Studying Urban Heat Island Effect Over New York City Using Satellite Observations, Ground-based Measurements, and Community Engagement
Hamid Norouzi1,2* (firstname.lastname@example.org), Reginald Blake1,2, Abdou Bah1,2
1 New York City College of Technology, CUNY, Brooklyn, NY; 2 The Graduate Center of CUNY, New York, NY
The urban heat island (UHI) is among the major environmental issues encountered in urban regions. To better predict the dynamics of the UHI and its impacts on extreme heat events, an accurate characterization of the surface energy balance in urban regions is needed. However, the ability to improve understanding of the surface energy balance is limited by the heterogeneity of surfaces in urban areas.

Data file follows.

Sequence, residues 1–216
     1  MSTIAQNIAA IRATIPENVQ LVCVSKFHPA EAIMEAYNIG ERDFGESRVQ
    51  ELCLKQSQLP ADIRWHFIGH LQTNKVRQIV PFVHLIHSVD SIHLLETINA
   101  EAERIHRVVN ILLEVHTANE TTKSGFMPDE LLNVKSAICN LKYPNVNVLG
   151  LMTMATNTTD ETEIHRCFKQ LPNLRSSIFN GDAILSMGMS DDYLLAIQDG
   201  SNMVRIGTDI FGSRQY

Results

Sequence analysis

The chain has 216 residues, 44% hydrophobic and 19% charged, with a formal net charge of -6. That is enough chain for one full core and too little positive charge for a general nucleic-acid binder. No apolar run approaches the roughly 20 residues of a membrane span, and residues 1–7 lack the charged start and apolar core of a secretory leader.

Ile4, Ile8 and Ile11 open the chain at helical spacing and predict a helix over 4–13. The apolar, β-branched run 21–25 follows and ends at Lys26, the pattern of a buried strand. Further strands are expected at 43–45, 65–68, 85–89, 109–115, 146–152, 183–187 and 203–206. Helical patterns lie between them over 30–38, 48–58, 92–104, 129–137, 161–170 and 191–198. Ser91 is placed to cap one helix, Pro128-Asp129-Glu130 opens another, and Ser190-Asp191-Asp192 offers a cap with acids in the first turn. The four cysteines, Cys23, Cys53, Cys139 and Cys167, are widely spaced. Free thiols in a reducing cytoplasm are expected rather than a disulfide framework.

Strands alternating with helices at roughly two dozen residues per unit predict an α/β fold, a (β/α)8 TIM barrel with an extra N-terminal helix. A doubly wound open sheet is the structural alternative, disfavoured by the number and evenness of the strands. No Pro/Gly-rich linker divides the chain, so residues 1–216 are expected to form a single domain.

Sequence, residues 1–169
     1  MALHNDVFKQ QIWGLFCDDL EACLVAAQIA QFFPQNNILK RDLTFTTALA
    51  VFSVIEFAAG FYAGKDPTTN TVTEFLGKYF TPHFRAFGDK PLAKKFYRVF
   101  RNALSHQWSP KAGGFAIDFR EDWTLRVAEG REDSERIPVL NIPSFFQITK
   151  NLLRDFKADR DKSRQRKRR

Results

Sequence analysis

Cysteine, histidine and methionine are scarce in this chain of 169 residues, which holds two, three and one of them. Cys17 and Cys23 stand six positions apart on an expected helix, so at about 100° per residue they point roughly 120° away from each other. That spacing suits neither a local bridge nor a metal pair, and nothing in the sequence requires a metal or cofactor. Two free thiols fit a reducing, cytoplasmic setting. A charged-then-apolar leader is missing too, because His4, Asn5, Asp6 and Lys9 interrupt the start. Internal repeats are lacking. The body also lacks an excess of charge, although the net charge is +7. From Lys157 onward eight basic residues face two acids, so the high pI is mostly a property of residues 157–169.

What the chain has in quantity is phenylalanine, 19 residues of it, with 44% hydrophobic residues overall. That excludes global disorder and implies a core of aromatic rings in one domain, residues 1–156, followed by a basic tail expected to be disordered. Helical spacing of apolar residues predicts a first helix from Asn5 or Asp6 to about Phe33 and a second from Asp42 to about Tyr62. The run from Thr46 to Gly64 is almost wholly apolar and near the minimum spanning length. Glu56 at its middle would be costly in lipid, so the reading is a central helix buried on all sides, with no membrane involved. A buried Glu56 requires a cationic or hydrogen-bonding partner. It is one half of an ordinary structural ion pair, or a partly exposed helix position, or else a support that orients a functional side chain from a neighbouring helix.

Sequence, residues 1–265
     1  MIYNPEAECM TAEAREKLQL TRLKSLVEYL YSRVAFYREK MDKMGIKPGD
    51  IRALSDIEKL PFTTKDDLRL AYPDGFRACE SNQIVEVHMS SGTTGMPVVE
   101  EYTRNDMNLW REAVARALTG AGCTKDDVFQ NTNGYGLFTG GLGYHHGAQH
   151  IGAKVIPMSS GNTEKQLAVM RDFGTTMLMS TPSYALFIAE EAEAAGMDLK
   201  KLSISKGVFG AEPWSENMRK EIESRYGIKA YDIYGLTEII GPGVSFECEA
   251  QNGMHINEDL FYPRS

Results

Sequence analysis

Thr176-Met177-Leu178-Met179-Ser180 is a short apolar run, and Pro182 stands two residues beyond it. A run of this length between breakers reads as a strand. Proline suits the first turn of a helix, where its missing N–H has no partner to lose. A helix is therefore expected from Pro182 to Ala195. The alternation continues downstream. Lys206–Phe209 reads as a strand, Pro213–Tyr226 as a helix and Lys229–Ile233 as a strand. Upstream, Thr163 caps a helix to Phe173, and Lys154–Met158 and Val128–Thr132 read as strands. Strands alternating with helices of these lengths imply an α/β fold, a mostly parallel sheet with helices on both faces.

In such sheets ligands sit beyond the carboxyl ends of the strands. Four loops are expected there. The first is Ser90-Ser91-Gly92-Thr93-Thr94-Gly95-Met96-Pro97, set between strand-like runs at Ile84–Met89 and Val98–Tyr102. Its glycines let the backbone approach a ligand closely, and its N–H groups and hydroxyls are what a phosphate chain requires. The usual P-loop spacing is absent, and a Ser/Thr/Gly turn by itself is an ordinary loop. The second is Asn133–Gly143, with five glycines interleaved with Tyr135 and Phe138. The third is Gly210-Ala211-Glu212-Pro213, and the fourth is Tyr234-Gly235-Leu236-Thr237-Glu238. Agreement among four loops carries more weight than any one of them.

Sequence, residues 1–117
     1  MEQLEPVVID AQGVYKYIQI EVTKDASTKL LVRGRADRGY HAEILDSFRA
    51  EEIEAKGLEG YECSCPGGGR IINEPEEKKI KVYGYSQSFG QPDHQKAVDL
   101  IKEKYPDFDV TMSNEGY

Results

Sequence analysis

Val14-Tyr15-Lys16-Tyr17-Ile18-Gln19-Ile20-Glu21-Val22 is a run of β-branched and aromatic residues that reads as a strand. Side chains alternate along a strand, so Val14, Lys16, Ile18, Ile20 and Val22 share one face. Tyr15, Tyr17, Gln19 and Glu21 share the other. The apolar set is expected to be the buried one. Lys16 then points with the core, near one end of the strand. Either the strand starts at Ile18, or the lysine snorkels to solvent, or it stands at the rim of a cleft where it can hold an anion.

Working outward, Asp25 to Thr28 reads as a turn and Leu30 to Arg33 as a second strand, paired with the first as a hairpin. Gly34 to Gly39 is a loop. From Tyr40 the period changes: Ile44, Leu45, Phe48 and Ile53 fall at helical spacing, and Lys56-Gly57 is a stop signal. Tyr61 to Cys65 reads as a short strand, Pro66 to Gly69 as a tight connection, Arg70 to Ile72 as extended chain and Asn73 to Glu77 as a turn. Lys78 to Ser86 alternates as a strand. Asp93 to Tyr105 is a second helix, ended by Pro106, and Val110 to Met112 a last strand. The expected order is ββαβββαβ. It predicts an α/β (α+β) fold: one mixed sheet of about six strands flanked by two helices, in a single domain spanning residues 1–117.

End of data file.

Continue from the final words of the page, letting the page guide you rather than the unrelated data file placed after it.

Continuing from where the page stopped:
This study aims to enhance the understanding of the urban surface energy budget and land surface temperature (LST) through an innovation in the use of remote sensing satellite observations and ground-based measurements. The research team conducts urban climate data collections using a suite of instruments such as flux towers, unmanned aerial vehicles (UAVs), infrared cameras, and hand-held temperature measuring devices. The team developed an algorithm to downscale a LST database with 5-minute temporal and 30-meter spatial resolution over New York City. Researchers also developed a model to identify cool corridors and open street paths as a resilient solution and response to UHI. A partnership with Brookhaven National Laboratory has been established through the DOE Research Development and Partnership Pilot funded project. The team is organizing a community field data collection for spring and summer 2023 in Manhattan and Brooklyn, NY. Finally, researchers will engage with the local community in Bedford-Stuyvesant neighborhood in Brooklyn, NY, in order to inform them about the urban heat island and to gauge its health and societal impacts.